What should have been a quick 30-minute YouTube video quickly turned into hours of research. Rerez absolutely destroyed the console in his review, but some people in the comments were reporting that there was an active modding community that was working to solve most of the issues. And besides, Rerez is known to be hypercritical in some instances, like in his review of PuLiRuLa, an obscure arcade game that I would later highly enjoy playing on my own RS-97.
So, after some research, I had some information gathered. - The RS-97 is easily moddable, basically unbrickable, and the community around it is very active (or rather, was at the time – more on that later). A Linux distribution is available for it: RetroFW, which is an adaptation of OpenDingux. It's based on a very old kernel and it doesn't make use of the device's poorly documented GPU, which limits software compatibility to SDL1 programs. - The console is built with a Ingenic JZ4760B CPU, which is from around 2010. It's a MIPSle device with a ridiculous amount of DDR3 RAM, SD-card storage, a 3-inch screen, and no wireless capabilities at all. - In case that wasn't clear, the RS-97 is not nearly as powerful as your average cheap smartphone. I could have gotten a better emulation experience by just downloading RetroArch on my phone and getting one of those cheap controller thingies.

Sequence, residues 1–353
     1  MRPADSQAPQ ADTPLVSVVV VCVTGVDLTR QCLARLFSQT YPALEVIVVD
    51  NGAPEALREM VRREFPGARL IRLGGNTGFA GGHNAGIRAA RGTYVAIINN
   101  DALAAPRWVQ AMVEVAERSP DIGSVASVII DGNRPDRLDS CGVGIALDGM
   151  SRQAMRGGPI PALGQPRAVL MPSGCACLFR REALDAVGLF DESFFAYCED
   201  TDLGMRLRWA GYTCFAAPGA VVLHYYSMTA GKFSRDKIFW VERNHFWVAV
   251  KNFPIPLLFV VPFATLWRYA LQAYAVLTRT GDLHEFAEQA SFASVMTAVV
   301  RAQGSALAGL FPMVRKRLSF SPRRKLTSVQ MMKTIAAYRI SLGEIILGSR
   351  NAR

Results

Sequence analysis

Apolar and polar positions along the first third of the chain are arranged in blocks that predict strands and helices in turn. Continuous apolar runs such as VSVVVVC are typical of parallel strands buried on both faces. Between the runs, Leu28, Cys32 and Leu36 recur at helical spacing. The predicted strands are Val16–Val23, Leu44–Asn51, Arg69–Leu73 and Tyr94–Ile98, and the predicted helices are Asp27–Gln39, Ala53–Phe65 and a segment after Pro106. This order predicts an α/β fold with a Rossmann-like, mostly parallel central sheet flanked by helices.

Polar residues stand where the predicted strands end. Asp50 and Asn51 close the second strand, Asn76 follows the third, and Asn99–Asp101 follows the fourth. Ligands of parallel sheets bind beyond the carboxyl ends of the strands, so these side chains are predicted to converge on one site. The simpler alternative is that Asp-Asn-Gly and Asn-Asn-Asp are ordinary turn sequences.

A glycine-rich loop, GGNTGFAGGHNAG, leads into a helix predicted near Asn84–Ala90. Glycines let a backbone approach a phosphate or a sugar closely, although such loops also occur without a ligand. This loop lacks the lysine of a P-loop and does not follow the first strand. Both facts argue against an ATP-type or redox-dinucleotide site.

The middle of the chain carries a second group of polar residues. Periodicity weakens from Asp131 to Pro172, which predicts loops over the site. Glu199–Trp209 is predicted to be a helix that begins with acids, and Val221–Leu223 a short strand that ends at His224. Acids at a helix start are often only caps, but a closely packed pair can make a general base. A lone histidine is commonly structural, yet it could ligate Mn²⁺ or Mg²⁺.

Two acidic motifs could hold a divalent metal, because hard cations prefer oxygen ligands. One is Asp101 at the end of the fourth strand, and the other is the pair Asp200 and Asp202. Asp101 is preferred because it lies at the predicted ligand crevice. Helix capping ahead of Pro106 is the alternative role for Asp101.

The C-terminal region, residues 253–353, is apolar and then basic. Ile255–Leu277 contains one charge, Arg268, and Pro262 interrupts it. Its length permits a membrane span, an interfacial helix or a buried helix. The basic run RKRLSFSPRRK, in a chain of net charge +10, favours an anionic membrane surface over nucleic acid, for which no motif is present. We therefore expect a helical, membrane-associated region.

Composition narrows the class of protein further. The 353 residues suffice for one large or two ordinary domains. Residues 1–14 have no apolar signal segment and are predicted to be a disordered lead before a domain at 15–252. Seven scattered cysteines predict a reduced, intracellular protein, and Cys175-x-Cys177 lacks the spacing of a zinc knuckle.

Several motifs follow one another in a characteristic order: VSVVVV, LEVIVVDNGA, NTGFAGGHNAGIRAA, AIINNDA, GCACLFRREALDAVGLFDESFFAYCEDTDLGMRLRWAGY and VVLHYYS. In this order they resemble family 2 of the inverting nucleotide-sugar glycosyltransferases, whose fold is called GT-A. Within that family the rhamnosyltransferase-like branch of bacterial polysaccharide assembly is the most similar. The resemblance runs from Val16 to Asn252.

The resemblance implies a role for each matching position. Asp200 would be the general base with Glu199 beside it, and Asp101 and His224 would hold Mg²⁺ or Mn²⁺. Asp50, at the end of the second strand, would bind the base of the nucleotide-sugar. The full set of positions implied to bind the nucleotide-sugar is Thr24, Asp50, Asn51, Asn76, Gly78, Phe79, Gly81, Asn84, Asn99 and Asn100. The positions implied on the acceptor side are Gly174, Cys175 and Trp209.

Looking for a safe zone
But despite all the clear cons, I still wanted it somehow. I had heard great things about how the modded firmware was able to make emulators up to PS1 run smoothly, but at that point, I wasn't interested in that. I wasn't born yet when the consoles the RS-97 emulates best were on the market, so what I cared the most about was the homebrew stuff, and of course, creating things myself.
And again, I know what you're thinking. I have a computer and a smartphone: had I wanted to create something new, couldn't I have done it for that? Had I wanted to play some homebrew or obscure games, couldn't I have just opened itch.io? You're right. But what I wanted was something slightly different.
What I wanted was a playground. Something on which I could test, try and experiment without worrying about something going rogue and messing up my data. I kind of saw this device as a “tech comfort zone“: not the latest, not the greatest, but a stable and nice device to escape the endless search for the best experience, leaving behind the overwhelming side of gaming for a much chiller alternative.